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I asked Cecilia Rodriguez Milanes to share some of her mother/writer thoughts as part of #motherswhowrite this week. She is a professor at the University of Central Florida and author of Marielitos, Balseros and other Exiles, a short story collection. Read more about her on her site.

I met Cecilia while I was a graduate student at UCF. She’s a great professor and writer and another one of the authors who is getting the work done while raising a family.

Tell us about your family.
My family of four people plus three dogs (all adorable rescue mutts) has lived in East Orlando since 1999 where my husband has cousins who settled here in the 1950s. I have been married for 28 years and my 22 year-old daughter just graduated from the University of Central Florida with an Anthropology BA and is headed off to a PhD program in the fall. My son is still in elementary school and shares my passion for reading; he’s a good writer too. Most of my extended family lives in South Florida so we’re lucky we can visit regularly.

What is the most creative thing you’ve done to create writing time?
Get up at 5:00 a.m.–I don’t think it’s creative but it is a way to be productive before anything else gets my time and attention. One of my favorite authors, Judith Ortiz Cofer, wrote about it her early morning ritual writing time and I adopted the practice. Lots of women writers/mothers write in the early morning; my other favorite author Toni Morrison still writes in the predawn.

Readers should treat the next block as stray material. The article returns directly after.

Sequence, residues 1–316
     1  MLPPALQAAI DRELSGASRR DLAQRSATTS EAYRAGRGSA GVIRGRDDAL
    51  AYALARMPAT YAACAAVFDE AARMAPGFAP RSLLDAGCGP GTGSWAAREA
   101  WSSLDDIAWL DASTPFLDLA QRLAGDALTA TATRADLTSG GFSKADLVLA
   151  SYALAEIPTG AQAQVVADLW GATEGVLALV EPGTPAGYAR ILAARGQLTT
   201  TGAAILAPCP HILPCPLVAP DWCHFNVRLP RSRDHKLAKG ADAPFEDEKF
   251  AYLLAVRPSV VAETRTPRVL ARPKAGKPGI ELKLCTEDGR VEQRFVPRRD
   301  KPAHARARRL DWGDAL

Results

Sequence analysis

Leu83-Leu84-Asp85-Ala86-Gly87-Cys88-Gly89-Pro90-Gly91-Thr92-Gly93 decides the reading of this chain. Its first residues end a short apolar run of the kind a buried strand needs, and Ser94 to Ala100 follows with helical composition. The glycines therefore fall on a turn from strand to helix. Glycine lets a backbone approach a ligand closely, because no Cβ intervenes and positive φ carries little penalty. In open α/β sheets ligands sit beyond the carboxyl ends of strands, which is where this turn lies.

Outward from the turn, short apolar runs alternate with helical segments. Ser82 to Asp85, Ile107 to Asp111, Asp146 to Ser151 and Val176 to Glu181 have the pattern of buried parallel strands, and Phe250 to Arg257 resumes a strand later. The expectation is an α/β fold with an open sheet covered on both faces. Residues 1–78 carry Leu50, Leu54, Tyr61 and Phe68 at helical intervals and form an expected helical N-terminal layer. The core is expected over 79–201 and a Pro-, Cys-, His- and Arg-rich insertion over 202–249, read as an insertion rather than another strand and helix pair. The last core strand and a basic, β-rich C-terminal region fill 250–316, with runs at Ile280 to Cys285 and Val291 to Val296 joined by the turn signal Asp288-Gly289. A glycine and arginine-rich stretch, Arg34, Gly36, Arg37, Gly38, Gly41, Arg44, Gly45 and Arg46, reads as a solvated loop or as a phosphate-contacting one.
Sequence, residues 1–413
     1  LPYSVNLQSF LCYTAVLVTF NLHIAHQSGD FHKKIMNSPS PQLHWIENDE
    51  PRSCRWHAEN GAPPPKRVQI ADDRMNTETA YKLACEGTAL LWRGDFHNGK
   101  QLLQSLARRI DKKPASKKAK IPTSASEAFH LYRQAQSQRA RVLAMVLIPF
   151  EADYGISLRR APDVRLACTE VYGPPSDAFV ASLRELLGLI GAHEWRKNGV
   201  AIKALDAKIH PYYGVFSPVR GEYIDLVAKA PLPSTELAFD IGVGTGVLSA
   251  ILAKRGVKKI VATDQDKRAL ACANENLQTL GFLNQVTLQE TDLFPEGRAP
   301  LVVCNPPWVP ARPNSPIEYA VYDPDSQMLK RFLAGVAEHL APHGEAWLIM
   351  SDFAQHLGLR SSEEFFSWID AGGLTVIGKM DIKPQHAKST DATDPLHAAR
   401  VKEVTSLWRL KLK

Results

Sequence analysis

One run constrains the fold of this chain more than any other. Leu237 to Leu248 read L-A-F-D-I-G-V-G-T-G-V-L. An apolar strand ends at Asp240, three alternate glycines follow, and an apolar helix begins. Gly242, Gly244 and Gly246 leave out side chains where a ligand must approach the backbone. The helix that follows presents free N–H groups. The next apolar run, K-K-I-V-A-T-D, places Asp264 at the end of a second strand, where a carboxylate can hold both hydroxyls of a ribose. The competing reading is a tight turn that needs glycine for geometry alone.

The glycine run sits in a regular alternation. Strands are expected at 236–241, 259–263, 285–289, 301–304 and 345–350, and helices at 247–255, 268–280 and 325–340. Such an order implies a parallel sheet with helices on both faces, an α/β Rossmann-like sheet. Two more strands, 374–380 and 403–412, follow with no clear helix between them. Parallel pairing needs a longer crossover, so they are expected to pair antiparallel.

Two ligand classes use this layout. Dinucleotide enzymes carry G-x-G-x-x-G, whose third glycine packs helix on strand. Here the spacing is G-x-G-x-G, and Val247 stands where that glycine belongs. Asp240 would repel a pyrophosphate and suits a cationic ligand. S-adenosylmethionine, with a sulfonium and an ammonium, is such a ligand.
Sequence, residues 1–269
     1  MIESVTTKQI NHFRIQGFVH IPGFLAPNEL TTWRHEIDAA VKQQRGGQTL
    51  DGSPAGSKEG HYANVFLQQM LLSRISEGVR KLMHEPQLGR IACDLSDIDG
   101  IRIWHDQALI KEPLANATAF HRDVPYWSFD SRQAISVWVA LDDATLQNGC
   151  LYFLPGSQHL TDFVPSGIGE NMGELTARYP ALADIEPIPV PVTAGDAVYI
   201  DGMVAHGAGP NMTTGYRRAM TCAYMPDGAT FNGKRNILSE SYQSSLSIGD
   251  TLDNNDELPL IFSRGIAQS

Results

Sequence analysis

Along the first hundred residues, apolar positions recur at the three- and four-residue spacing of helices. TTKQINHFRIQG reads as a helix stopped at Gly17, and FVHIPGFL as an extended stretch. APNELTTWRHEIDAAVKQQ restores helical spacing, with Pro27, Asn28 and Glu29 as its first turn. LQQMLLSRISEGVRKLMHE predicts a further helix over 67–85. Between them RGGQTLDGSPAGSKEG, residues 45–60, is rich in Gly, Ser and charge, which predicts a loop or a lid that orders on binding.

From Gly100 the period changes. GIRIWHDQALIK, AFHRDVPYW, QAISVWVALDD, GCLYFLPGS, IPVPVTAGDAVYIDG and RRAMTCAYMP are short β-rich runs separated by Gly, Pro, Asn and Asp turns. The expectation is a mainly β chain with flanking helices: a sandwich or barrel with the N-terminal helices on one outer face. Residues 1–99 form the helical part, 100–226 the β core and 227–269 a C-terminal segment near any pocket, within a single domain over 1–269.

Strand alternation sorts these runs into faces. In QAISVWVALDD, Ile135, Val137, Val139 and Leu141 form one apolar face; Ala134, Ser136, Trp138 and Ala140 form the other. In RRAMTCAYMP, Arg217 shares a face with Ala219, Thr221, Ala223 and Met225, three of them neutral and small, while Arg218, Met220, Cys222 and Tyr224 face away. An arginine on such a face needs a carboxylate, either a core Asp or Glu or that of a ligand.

How has being a parent informed your writing?

Being a parent is a huge and important responsibility so I try to prioritize all that I hope to accomplish each day. I think becoming a mother made me more productive in a way because I learned to be extremely efficient with my time; whatever I write, I also feel responsible to make them proud.

Do you write specifically for your children? In other words do/did you write stories, poems for them?
I write for them, for my family, for my community. Each child has poems about/for him/her. They haven’t appeared in the fiction yet; that might be telling too much.

What stories or books about mothers ( or featuring mothers) are among your favorites?
The Bonesetter’s Daughter by Amy Tan is fierce but Morrison’s mothers are always fascinating and memorable; from Pauline in The Bluest Eye and Sethe in Beloved to Mina Mae in A Mercy

What are you looking forward to this year as a mother and as a writer?
I am looking forward to finally, finally finishing the novel I started so many years ago. Lately though I’ve been writing some new short stories that I’m excited about and hope to finish before my son gets out of school. He enjoys day camp but we like to go to the movies and theme parks, but we all love the beach and plan on taking advantage of our proximity to it this summer.

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